Garden Activity

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This document describes in detail my idea for a virtual garden, to be deployed int the XO Laptop as a Sugar activity.

This virtual garden has three main goals:

  • To be a rich and interesting tool for learning about Mendelian genetics,
  • To provide rich support for extensions an modifications through a plugin architecture and
  • To generate an understandable and simple body of code, that might be used by future XO developers as an example of a reasonably complex application.

The rest of the document is laid out as follows:

Section 1 : The Garden Activity, is a tour through the idea of the application, its interface and the way it will accomplish the first goal.

Section 2 : Technical Description, describes the technical aspects of the project

Section 3 : The Code, is about the design principles that the project's code will follow, in order to fulfill the second and third goals. It describes the plugin architecture, and proposes a general design for the code.

Section 4 : Schedule, gives a tentative schedule for the completion of the different stages of the project.

Section 1 : The Garden Activity

The garden Activity will be a virtual garden, where the users will create artificial plants and mate them to enhance their characteristics, gaining insight into the process of inheritance and the mechanisms of Mendelian Genetics.

The interface will be divided in three sections: The Garden, the Species Design Laboratory and the Seeds Room.

In The Garden, the user can arrange the plants and monitor the progress of her experiments, as well as pick individuals for their reproduction. When two individuals are picked for reproduction, the resulting seed is stored in the Seeds Room. Although the "gardening" aspects of a virtual garden are not a main concern at this stage of the project, It might be interesting to add some basic capabilities, with the chance to improve them in future versions: things like watering, fertilizing the soil, amount of sunlight, etc.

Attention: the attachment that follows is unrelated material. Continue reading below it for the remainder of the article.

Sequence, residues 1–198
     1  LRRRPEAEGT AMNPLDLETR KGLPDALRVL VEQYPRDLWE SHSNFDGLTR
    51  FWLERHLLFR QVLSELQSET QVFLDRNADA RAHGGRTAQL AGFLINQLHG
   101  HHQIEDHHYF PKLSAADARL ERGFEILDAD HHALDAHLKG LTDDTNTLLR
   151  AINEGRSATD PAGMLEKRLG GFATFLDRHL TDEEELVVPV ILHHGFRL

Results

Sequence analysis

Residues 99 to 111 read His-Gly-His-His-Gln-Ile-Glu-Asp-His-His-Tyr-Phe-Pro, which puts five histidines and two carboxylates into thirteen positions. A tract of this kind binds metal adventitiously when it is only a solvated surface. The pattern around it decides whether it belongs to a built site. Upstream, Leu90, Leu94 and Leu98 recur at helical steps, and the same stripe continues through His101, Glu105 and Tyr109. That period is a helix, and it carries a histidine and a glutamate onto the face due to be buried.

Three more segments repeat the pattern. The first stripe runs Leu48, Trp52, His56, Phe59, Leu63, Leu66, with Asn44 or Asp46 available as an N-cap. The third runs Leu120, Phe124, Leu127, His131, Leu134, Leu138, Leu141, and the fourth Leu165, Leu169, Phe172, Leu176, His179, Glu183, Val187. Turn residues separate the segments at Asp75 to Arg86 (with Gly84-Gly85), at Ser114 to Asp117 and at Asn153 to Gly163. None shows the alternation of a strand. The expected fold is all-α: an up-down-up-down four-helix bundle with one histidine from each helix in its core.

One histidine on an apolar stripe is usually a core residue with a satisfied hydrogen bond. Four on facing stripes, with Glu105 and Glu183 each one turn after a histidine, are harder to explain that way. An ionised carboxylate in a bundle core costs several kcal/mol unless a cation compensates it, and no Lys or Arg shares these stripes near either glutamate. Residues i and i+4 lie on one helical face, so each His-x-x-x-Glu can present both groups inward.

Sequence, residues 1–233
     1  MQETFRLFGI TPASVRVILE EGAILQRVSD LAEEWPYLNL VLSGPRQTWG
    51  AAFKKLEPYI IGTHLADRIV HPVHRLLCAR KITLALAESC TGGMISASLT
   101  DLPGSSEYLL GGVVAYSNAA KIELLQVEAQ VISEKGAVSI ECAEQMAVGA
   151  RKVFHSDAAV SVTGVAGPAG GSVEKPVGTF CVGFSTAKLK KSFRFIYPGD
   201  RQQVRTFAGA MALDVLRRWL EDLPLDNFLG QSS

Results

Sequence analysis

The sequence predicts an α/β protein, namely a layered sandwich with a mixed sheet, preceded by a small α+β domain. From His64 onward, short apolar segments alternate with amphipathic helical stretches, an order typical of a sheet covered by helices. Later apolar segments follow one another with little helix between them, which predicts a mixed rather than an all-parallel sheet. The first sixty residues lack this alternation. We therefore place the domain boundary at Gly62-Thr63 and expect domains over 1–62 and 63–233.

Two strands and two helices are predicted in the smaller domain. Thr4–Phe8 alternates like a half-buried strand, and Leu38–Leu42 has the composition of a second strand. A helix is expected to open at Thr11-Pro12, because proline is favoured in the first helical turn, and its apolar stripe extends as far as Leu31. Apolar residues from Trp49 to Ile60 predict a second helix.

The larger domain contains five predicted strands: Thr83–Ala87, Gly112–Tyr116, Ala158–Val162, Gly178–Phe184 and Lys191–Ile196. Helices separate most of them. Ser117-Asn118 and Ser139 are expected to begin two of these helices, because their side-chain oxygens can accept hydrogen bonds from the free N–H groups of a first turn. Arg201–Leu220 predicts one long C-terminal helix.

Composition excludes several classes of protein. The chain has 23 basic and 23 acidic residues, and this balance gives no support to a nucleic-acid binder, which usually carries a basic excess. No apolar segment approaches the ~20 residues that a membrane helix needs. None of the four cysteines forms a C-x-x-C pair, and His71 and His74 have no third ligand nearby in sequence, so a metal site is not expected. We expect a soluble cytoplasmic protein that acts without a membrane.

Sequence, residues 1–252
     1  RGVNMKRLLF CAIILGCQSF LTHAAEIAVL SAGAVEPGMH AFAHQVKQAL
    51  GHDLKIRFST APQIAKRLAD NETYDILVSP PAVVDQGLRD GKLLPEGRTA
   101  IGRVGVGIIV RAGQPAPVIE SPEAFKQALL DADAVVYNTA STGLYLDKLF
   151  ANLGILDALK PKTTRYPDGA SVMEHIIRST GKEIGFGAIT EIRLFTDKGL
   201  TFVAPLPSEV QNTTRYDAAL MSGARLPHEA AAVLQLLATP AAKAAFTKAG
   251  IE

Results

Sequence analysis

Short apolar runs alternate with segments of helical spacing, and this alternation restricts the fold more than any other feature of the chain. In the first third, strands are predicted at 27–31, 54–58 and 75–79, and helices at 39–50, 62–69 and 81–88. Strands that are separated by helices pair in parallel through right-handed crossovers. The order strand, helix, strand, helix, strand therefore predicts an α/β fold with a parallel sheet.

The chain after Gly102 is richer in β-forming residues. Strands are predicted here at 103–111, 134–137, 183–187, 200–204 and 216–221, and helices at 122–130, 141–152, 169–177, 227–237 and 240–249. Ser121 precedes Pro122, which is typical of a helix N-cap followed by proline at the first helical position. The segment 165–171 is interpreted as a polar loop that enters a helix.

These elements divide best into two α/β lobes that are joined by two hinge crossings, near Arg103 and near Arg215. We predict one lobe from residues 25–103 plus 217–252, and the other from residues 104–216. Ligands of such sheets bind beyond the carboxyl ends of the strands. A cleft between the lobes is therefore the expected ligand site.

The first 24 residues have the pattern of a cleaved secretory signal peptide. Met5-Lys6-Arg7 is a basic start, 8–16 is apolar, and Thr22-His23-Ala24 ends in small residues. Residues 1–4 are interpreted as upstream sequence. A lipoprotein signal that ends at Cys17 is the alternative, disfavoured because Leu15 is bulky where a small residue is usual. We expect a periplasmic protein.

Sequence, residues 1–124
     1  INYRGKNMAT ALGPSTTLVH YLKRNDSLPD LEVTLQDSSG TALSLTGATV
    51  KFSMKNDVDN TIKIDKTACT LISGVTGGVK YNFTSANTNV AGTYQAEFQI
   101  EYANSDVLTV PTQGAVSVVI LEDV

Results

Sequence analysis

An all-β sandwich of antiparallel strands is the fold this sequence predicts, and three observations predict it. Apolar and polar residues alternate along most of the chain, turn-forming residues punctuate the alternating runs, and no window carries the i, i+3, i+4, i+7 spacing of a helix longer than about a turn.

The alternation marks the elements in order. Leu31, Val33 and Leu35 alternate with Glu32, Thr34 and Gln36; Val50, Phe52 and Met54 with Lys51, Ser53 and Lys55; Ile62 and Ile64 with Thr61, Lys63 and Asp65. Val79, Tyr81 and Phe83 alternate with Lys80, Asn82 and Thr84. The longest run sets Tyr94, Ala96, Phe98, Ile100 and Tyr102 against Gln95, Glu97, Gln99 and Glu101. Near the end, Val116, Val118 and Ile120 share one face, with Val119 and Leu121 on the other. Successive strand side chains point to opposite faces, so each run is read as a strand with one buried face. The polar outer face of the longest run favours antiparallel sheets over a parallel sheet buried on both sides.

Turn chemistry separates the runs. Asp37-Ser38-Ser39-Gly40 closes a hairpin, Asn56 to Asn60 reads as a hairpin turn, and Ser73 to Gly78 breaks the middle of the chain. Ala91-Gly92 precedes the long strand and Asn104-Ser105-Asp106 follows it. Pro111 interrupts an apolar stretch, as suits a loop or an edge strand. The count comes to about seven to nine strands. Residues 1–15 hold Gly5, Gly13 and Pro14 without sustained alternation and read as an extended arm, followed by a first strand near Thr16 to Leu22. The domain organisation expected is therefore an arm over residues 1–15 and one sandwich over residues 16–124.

Apparently, the gardening stuff has encountered a warm reception, so I think I'll expand on that. As suggested by Homunq, each plant will have a health level, and an age. I'm still thinking of the factors that will influence the health, and the rate of change of the age... ¿perhaps variable?. Weed species could also be interesting.

The Species Design Laboratory will be the place where new plant species can be designed. It will provide controls for adjusting the parameters of the underlying L-System and the Superformula, but conveniently abstracted under intuitive plant parameters, like amount of flowers, weed-like or tree-like, shape and color of the flower's petals, etc. Once the new species are created, they are stored as "templates" for generating new seeds.

The Seeds Room will be where the birth of new individuals takes place. From here the user can either select the previously generated templates to create new seeds, or use one of the previously stored ones. When looking at the seeds, the program will show information about their genealogy, and notes attached to them during their creation.

For pedagogical purposes, the user will only be able to create a limited number of species, tweaking a restricted set of parameters. In order to gain more power for the design of the flowers, the user should enter "challenge mode". There, it will be asked to perform experiments, and answer questions about them: They will gradually introduce her to the mechanisms of inheritance and basic genetics, and help her discover by herself the rules behind it.

The field of genetics is huge, and there are lots of little things that would add complexity and beauty to the plants. A compromise will have to be achieved between complexity and understandability; but I think I can get a little bit more in the program than just mendelian genetics.

As for sharing functions, a plugin will be developed to allow the user to share her plant's seeds with other XO Laptops. Additionally, the idea of a "school garden", stored in the central server and viewable in each Laptop seems very interesting, It might be implemented if there is enough time.

Section 2 : Technical description

L-Systems were conceived by Aristide Lindenmayer as a mathematical theory of plant development. Originally, it didn't consider the geometry of plants, but rather the relationships between their cells. However, several geometric interpretations of L-systems have been proposed: In "The Algorithmic Beauty of plants" a "Turtle Geometry" approach is used, and so will our virtual garden use too.